A Palmerton man wants to convert a former barroom with one apartment to a total of three apartments.

To that end, Jonathan Ammary will go before the borough's Zoning Hearing Board at 7 p.m. May 15 in search of a special exception and variance to add two apartments to the building at 590 Mauch Chunk Road.

A section of the borough's zoning ordinance does not allow taverns or conversions of an existing building into one or more dwelling units as permitted uses.

Ammary is in search of a special exception to allow change from one nonconforming use to another, as well as a variance regarding the minimum lot area required for apartments.

The request was previously denied by borough zoning officer Duane Dellecker.

In his rejection letter, dated March 29, Dellecker noted the property is located in an R-2 (Residential-Medium Density) zoning district.

Dellecker also stated in his letter that "being as the former use was not a permitted use, the use becomes nonconforming. Both the existing and proposed uses, not being permitted, makes this application a change of one nonconforming use to another."

Also in his letter, Dellecker said another section of the zoning ordinance requires special exception action by the board to change from one nonconforming use to another; subject to specific conditions outlined therein.

Dellecker also said in his letter a section of the zoning ordinance requires a minimum average of 4,000-square-feet of lot area for each apartment.

"The application, as submitted, did not indicate the existing lot size to allow this office the opportunity to adequately evaluate compliance with this requirement," he said. "However, 12,000-square-feet of land would be required to accommodate the requested number of apartments."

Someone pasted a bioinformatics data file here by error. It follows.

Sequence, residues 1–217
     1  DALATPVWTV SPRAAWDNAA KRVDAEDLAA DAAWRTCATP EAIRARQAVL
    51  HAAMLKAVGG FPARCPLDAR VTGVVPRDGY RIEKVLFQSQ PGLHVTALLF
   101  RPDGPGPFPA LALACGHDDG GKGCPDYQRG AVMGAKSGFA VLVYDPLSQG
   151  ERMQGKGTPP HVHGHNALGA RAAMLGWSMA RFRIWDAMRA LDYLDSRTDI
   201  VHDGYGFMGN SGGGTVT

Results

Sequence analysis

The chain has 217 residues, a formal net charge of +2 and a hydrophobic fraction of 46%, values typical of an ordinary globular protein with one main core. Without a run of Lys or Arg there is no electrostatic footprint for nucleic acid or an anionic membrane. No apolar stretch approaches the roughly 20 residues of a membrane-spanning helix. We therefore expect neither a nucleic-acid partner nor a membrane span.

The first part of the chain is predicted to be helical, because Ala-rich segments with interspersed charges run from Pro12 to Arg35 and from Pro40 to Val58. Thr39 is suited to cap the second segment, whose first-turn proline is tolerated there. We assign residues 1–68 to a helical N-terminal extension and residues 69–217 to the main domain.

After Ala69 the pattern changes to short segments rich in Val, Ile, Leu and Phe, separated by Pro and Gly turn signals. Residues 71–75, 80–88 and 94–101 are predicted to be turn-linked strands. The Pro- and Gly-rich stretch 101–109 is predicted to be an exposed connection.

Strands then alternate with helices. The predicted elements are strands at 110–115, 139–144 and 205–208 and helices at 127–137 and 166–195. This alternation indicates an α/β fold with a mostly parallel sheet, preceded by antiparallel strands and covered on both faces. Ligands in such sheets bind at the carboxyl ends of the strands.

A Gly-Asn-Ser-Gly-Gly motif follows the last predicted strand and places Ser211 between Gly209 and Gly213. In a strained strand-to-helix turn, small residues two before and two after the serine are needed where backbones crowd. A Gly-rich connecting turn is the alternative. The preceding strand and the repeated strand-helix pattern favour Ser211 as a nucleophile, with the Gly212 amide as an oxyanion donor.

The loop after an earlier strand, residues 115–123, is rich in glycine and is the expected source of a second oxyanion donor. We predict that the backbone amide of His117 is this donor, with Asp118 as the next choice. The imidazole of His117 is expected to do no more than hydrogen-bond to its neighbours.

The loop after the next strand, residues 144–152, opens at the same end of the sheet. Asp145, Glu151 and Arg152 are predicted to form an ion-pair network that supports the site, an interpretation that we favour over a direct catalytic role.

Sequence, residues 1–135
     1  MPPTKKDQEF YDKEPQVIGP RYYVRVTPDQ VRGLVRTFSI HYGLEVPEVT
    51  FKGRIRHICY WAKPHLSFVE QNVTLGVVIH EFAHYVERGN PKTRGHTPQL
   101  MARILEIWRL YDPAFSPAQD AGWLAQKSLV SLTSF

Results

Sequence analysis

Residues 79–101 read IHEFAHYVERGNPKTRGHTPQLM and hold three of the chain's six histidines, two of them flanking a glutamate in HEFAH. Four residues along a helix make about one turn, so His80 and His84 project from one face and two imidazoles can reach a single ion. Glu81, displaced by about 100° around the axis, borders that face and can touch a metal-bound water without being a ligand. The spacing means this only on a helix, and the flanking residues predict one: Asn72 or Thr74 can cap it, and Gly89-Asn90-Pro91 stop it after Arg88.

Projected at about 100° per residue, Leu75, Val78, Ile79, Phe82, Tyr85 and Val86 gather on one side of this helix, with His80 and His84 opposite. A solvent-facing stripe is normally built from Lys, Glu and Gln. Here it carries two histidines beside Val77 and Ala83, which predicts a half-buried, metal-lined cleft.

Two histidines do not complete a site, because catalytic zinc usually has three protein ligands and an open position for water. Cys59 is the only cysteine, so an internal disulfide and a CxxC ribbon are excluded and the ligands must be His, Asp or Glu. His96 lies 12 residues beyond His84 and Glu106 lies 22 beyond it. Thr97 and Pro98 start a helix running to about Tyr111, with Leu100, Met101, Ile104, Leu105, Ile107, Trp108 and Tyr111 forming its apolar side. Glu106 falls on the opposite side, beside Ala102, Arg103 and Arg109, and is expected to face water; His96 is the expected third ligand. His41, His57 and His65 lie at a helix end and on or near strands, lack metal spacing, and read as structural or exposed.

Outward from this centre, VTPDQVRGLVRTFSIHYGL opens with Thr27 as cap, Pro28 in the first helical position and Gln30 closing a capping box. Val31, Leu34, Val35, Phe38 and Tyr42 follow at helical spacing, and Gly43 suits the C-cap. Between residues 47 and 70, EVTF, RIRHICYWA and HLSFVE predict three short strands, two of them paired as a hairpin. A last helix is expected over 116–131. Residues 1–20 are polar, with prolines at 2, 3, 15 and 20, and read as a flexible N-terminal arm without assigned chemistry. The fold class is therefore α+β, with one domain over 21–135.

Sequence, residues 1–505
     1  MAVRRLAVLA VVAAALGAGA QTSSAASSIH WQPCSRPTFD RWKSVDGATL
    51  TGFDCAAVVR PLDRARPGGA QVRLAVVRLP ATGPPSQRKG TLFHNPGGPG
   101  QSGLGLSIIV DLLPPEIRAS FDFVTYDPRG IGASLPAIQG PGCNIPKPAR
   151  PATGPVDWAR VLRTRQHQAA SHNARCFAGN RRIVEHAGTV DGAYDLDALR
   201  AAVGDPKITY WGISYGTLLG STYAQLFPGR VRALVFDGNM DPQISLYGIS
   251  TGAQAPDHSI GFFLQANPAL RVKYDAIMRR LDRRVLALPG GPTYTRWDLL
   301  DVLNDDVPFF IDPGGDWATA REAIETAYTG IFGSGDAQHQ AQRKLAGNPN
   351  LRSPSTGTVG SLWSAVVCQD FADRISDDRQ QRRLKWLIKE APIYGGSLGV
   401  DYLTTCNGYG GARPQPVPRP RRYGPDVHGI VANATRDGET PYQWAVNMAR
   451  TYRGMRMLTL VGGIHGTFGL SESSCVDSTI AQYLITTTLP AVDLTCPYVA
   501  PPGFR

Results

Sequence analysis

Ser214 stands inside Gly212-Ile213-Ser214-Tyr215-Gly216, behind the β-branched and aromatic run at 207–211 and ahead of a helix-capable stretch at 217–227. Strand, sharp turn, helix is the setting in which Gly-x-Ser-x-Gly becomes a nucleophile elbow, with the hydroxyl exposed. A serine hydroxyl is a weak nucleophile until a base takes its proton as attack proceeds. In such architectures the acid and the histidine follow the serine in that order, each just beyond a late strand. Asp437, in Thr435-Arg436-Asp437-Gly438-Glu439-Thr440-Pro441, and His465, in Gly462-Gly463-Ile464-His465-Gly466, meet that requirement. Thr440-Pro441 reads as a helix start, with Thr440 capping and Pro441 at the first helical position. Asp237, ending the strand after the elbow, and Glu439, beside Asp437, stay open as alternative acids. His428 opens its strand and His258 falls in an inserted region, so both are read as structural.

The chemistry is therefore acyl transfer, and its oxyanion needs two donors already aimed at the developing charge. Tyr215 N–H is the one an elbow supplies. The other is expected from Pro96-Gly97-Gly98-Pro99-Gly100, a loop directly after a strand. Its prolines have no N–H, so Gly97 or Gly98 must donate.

Another section of the zoning ordinance addresses the conversion of existing buildings and requires dumpster screening, Dellecker said in his letter. The applicant will need to address this issue, he said.

Yet another section of the zoning ordinance addresses off-street parking, Dellecker said in his letter. The regulations require two off-street parking spaces for each dwelling unit, and only one off-street parking space per conversion apartment that only includes one bedroom or is an efficiency unit, he said. The application, as submitted, does not address this issue, Dellecker said.

"When we previously spoke, I indicated a need to supply a site plan of the property showing existing and proposed layouts for off-street parking and building location," he said. "Also, interior layouts of each floor showing existing and proposed apartment units, sizes, means of ingress and egress. This information was not supplied."